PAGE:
Friday, February 15, 2008

Wayne Huizenga - the absolute deal maker

I just finished the audio version of the book – “The Making of a Blockbuster: How Wayne Huizenga Built a Sports and Entertainment Empire from Trash, Grit, and Videotape”. It is the story of Wayne Huizenga – probably the only person in history to have built 3 Fortune 1000 companies from scratch – Waste Management, Blockbuster and AutoNation. He also owns the Miami Dolphins and is the past owner of the Florida Marlins baseball team and the Panthers hockey team.

The book takes us thru Wayne’s journey of building Waste Management from a one-man shop to a mega empire thru tons of acquisitions. It showcases Wayne as a master deal maker. Wayne held fast to two rules: Don't loose a deal because you're not paying attention to it and never talk about it until it is done and in writing". Wayne is the ultimate deal maker, and the book demonstrates how he reached the highest levels of business success through intense hard work, and single minded determination and drive.

It also takes the reader thru Wayne’s intense negotiations with Sumner Redstone of Viacom. His passion was the service business. Blockbuster employees nicknamed him “Toilet Man” since he always used to inspect the bathrooms as he visited stores – if the bathrooms were not clean, it meant lack of attention or care for the customer.

It is a wonderful book that showcases the grit, determination and passion of a deal maker and a true business leader. Wayne is now 70 years old.

Saturday, February 9, 2008

How does the Fed pump money into the economy?

We hear on CNBC and read in financial journals that the “Fed is pumping money into the economy”. What does this mean? Does it mean the Fed works overtime and prints lot of currency? No, it does not work that way.

The Federal Reserve (Fed) has 3 methods to influence its monetary policy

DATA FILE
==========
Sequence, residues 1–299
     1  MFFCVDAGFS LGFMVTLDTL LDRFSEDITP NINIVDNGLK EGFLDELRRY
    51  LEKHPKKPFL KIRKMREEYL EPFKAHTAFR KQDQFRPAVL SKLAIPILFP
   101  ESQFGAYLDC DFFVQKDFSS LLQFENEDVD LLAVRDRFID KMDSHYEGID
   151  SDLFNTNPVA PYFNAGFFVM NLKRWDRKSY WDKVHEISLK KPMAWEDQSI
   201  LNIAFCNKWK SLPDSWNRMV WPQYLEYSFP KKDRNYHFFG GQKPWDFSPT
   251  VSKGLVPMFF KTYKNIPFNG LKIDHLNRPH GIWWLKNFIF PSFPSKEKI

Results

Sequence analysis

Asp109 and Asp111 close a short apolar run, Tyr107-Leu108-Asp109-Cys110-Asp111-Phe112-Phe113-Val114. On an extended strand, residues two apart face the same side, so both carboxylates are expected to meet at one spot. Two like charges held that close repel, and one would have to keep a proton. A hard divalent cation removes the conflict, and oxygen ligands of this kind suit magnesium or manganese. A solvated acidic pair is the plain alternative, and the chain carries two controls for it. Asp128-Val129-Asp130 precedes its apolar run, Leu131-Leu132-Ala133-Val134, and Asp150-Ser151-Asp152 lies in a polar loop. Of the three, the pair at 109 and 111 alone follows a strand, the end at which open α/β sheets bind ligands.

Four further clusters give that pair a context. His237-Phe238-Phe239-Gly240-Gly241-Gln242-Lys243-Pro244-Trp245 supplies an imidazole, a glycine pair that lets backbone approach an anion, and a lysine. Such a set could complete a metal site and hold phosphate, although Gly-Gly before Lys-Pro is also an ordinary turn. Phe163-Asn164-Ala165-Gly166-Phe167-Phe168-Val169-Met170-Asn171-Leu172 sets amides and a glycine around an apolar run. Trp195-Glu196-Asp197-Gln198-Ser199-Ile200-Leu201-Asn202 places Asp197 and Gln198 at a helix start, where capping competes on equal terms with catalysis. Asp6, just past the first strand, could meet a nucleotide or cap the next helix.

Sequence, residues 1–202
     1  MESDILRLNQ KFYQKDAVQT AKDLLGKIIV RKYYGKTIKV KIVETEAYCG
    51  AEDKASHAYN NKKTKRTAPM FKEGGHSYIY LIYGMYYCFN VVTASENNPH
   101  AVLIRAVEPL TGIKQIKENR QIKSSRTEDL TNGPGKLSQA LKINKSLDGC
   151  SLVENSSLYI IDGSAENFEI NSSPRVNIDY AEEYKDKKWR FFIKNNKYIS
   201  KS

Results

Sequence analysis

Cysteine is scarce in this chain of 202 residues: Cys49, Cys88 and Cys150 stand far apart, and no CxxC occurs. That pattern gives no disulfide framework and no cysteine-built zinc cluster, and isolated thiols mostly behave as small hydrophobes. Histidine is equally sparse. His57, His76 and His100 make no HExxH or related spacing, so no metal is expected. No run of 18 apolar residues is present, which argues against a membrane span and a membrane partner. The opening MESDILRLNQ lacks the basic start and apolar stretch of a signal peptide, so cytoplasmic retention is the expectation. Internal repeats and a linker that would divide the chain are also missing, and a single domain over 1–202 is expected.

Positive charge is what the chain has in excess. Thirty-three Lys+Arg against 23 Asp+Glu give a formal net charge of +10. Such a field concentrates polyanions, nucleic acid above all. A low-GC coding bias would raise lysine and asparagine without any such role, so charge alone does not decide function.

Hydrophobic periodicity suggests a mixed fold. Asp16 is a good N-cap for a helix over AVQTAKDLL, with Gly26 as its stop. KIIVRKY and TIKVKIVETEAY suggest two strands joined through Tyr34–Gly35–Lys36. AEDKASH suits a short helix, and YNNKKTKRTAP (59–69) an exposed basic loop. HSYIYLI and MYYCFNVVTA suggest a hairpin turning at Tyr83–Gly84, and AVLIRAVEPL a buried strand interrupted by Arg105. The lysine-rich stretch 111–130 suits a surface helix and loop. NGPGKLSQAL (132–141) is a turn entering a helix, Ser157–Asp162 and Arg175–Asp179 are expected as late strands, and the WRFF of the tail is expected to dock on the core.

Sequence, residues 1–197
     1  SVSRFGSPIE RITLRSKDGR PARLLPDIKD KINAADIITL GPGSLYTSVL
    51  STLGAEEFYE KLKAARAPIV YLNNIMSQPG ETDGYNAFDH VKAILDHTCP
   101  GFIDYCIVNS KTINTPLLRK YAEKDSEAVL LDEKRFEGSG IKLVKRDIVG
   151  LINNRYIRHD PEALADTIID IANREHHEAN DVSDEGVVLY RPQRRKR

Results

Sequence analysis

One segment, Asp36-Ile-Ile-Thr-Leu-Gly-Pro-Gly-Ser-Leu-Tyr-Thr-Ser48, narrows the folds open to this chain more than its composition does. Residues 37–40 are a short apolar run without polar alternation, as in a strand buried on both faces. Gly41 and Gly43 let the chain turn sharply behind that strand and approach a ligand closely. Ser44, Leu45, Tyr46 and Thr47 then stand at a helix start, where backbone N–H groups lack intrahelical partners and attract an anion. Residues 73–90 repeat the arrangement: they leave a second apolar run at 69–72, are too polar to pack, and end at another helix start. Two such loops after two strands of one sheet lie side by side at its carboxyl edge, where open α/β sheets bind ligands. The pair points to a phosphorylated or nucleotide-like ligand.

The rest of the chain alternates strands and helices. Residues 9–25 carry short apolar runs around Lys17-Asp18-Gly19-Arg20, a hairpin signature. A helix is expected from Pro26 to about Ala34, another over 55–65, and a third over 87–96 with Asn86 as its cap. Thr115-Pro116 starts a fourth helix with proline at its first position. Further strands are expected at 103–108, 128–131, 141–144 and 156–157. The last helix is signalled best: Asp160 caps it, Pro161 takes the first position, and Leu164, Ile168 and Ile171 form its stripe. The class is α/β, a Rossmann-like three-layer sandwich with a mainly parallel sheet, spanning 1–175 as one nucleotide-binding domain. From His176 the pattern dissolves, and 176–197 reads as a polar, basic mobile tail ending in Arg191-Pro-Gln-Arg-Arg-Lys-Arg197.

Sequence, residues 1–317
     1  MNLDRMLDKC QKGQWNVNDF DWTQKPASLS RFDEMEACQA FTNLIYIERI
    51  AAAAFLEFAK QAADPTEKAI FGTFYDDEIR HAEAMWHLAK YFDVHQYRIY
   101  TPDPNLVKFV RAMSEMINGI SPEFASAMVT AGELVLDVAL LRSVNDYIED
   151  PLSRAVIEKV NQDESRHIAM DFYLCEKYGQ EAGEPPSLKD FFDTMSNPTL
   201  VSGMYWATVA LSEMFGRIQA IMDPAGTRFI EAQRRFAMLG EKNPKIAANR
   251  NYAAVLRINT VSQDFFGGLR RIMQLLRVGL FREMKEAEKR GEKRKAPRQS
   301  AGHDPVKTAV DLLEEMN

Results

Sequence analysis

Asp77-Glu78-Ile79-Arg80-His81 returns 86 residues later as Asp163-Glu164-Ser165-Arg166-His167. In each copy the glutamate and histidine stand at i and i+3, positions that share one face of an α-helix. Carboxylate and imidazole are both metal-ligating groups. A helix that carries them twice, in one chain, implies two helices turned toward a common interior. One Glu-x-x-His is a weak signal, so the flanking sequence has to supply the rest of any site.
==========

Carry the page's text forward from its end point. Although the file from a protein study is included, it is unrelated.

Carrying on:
i) Raise/Lower short-term interest rates
ii) Raise/Lower the amount of reserves that banks are required to hold
iii) Open Market Transactions

Short-term Interest Rates
When the economy is softening (current state), a rate cut improves things – since it makes things cheaper. On the other hand, if the economy is too strong, an interest rate cut slows down the economy.

If the Fed asks banks to raise their reserves, it means banks need to hold on to more money which in turn reduces the money supply and thus tightens credit. When the Fed asks banks to lower their reserves, there is more money that the banks can lend.

Open Market Transactions
Open market transactions are measures by which the Fed controls the money supply by buying and selling government securities, or other financial instruments. Of the three, Open Market transactions have the most immediate effect on the economy. If the Fed wants to squeeze money from the system, it sells bonds from its account. This deducts the amount from the dealer (bank) thus draining money from the system. On the other hand, if the Fed wants to “pump money into the economy”, it will buy bonds and pay the bank that sold them. This money then flows thru the system and that is how the Fed increases money supply.

The Fed has been buying a ton of subprime mortgage bonds (since there were virtually no buyers for it) in light of the subprime crisis.

Wednesday, February 6, 2008

Confessions of a Wall Street Analyst

I just read the book “Confessions of a Wall Street Analyst” by Dan Reingold. Dan was the superstar telecom analyst on Wall Street in the 1990’s. He tracks the “unplanned” journey from MCI to becoming a star analyst on Wall Street. Dan takes us thru the fast-paced life of an analyst traveling across the globe and responding to investors/customers around the clock with no respite. It takes us inside the firms like – Morgan Stanley, Merrill Lynch, and Credit Suisse First Bank.

He describes the (shady) dealings of Global Crossing and WorldCom – the failed telecom companies. The book focuses on his intense rivalry and fight with arch nemesis – security analyst Jack Grubman. It outlines their competition to get on top of the list of the “Institutional Investor” – which is considered the bible for rating Wall Street analysts. Jack was eventually banned for life from the securities industry.

It is a good read – albeit you get to hear just Dan’s side of the story. Will Jack write a book outlining his side of the story? We will have to wait and see.